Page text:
Remote Work Problems Aren’t Related to Remote at All
No problems are specific to remote work. Every time someone claims “this is a problem with remote work”, it is wrong. All the problems you have in a remote work environment, you actually have them in an office environment too. ALL of them!
There are two main reasons why people think some problems are specific to remote work environment :
- They confuse symptoms for problems;
- They are blind to the fact that the problem is present in the office environment too.
Confusing symptoms for problems
Confusing symptoms for problems happens frequently, in every sphere of activities. If you see something wrong, that’s a symptom. To find the root cause, the underlying issue, the real problem, you need to spend time, investigate, think about it. As a general rule, a single problem can manifest through multiple different symptoms, simultaneously or not. Symptoms for the same problem and also be different, varying based on environment conditions, people involved, culture, etc.
You can’t solve a problem by fixing the symptoms. At best, you can mask a problem, reduce the symptoms enough to tolerate the problem. This can work for some time, but since symptoms varies, you should expect to see new symptoms appears over time for the same problem.
If you want to solve a problem, you can’t do that by fixing symptoms. You have to work on the problem itself. Once the problem is solved, the resulting symptoms won’t exist anymore either. More importantly, they won’t come back (since the problem is solved for good).
For example, “people are showing late for work” is not a problem, it’s a symptom. The problem could be a lack of interest about the work, not knowing what are the expectation around “being in office” hours, not being able to come in early because of traffic or having to drop kids at school, etc. Without digging deeper into the situation, you won’t know what the real problem is. If you think you’re solving the problem by having a mandatory meeting early in the day, well, you’re not. An early meeting won’t increase interest about work, won’t clarify what the expectations are, won’t help with traffic, and won’t have the school open sooner.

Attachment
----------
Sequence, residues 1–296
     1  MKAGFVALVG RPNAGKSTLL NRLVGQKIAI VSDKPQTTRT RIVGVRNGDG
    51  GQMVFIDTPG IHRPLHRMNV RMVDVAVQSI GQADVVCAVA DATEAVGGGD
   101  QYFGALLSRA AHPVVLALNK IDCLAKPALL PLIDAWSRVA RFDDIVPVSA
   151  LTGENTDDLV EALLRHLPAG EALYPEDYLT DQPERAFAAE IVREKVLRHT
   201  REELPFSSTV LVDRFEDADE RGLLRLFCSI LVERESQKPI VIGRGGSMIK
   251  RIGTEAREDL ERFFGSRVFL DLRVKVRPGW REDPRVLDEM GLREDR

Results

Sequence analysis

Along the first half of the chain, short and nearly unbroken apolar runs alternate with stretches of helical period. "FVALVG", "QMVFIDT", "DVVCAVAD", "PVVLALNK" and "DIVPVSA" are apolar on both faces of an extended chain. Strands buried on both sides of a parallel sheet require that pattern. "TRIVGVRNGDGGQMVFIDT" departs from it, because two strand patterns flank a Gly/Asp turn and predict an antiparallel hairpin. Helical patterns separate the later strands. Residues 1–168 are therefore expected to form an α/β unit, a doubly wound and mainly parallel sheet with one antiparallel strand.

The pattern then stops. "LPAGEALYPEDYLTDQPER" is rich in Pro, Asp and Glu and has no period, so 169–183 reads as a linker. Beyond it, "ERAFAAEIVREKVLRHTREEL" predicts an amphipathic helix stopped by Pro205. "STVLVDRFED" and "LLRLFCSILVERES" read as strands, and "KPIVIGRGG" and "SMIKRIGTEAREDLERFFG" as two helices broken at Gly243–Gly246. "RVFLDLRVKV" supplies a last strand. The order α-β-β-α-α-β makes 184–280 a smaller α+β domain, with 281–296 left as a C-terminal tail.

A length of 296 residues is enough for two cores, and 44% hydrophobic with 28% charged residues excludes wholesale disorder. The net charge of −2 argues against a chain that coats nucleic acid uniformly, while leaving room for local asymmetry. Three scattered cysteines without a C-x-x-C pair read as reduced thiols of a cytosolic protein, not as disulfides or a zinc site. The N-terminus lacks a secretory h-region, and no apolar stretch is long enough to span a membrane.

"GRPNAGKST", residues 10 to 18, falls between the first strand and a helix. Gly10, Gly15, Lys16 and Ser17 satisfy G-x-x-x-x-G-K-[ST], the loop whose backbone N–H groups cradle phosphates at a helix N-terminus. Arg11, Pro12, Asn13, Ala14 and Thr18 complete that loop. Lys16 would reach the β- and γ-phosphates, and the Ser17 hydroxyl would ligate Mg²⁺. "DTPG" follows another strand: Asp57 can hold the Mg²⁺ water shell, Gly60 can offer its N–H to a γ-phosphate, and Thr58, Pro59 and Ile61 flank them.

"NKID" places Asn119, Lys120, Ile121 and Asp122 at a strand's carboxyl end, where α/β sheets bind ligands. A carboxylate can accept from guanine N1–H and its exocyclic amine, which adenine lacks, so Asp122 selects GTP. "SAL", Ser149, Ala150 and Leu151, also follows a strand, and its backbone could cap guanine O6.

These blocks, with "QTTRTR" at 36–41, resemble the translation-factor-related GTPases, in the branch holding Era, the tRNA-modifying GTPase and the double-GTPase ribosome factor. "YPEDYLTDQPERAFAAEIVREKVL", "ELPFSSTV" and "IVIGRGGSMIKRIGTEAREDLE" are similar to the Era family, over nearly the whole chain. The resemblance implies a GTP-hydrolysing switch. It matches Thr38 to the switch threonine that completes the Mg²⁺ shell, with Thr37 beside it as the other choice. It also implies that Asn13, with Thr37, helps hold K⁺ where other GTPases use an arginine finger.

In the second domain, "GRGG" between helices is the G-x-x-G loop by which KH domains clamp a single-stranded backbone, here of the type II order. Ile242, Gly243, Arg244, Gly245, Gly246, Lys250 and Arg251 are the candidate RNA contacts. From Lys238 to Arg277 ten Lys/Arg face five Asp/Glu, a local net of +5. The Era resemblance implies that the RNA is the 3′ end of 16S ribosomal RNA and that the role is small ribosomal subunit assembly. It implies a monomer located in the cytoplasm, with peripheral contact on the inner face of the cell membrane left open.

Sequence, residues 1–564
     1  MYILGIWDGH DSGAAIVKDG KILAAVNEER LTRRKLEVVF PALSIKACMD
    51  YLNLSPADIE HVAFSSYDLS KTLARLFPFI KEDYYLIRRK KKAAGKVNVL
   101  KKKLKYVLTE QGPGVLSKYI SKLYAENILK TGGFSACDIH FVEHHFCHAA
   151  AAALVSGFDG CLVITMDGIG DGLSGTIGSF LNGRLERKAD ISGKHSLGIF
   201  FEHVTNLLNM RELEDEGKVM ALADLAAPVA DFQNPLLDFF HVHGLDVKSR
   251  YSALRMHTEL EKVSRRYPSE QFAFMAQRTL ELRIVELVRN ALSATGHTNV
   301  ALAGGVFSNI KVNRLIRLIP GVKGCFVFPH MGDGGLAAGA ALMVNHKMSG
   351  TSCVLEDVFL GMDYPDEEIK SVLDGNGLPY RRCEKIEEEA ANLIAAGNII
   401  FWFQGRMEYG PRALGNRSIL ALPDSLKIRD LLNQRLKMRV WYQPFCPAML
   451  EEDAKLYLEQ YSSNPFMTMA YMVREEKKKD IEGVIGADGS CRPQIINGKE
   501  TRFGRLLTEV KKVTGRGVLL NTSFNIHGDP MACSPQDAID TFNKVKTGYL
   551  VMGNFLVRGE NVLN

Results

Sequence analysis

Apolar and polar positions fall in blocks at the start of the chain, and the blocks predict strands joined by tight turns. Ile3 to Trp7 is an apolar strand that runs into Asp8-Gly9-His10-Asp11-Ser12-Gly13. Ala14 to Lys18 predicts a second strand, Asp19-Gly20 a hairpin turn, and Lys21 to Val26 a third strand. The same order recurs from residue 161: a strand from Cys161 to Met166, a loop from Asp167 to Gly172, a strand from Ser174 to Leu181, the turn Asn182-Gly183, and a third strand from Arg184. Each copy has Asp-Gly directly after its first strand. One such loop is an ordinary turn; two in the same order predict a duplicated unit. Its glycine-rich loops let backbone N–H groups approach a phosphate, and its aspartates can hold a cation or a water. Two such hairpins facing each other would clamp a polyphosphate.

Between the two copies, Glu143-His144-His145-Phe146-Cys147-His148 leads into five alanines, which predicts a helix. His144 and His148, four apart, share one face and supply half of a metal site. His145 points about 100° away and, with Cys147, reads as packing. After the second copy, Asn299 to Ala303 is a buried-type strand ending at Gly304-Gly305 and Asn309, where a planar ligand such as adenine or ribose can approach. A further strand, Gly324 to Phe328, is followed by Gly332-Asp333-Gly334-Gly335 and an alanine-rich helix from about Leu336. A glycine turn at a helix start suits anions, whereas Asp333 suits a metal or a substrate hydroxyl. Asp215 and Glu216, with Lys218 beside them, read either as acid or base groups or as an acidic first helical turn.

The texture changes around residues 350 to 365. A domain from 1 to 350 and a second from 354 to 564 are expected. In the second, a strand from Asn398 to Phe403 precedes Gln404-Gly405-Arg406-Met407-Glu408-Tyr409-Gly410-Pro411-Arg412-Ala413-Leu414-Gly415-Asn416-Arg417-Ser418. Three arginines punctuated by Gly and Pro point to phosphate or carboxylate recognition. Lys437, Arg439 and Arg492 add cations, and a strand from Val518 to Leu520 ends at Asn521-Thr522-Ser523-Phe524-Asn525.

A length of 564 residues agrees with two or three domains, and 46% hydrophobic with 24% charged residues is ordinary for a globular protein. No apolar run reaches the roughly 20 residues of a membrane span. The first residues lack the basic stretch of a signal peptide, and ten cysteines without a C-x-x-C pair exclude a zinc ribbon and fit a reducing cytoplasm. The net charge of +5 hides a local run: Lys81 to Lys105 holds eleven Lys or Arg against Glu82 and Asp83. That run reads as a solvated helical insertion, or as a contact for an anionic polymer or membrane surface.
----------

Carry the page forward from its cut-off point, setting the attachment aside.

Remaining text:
It is faster/cheaper/easier to act on symptoms. It gives the impression of doing something to fix the problem. It gives the impression of being in control and doing a good job. That’s why we frequently see this happening. Consciously or not, people will fix symptoms instead of working on the underlying problem.
Blind to the problems
When you are in an office environment, many problems can go unseen. Since you have everybody in the office, the fact that people are physically present blind you of many problems. It can also give you false confidence about many aspects of work culture, which means you don’t even think about those topics, which means you have no way of even considering that there could be a problem in the first place.
The easiest example for this is that many will equate presence in office with productivity. So if productivity isn’t enough, the number one solution is to ask people to spend more time in the office (extended hours, no outside lunch, etc.). But slacking in office is an art and many people are good at it. Just because someone is in the office doesn’t mean he’s working anyway. So there was and still is a productivity problem (which is likely caused by something else, as discussed above), but many won’t see it because… people are in office 10 hours a day! There’s just too much work! Not enough resources! But if people were working remotely, the same productivity problem would likely been seen way sooner (before it gets too problematic), as you’d be paying much more attention to this, instead of equating physical presence with productivity.
Basically, everything you make mandatory has a high chance of rendering you blind to some potential problems. When it isn’t mandatory, you see what doesn’t work right away because nothing is happening. Or people will let you know about the problems because they’ll see them. When something is mandatory, well, people do it. So any problems that would cause people do NOT do it won’t be apparent (but still exist and cause other issues). Since mandating time in office is a big requirement, this has a significant clout and can mask many problems.
Like everything, there’s always exceptions so yes, there are some challenges that are unique to remote environments, but they are small, not that important. The big stuff you have to care about, the problems that can ripples in the organisation and wreak havoc, those problems aren’t related to the work environment itself. As such, in office or remote, doesn’t make a difference.
Originally published on Medium